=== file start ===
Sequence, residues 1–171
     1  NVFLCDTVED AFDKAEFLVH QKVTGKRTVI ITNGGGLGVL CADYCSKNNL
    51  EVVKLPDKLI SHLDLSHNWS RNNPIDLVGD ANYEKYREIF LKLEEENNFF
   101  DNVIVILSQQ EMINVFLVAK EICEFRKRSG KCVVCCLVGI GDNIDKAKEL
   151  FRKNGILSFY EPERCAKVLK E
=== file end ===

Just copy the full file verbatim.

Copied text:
Sequence, residues 1–171
     1  NVFLCDTVED AFDKAEFLVH QKVTGKRTVI ITNGGGLGVL CADYCSKNNL
    51  EVVKLPDKLI SHLDLSHNWS RNNPIDLVGD ANYEKYREIF LKLEEENNFF
   101  DNVIVILSQQ EMINVFLVAK EICEFRKRSG KCVVCCLVGI GDNIDKAKEL
   151  FRKNGILSFY EPERCAKVLK E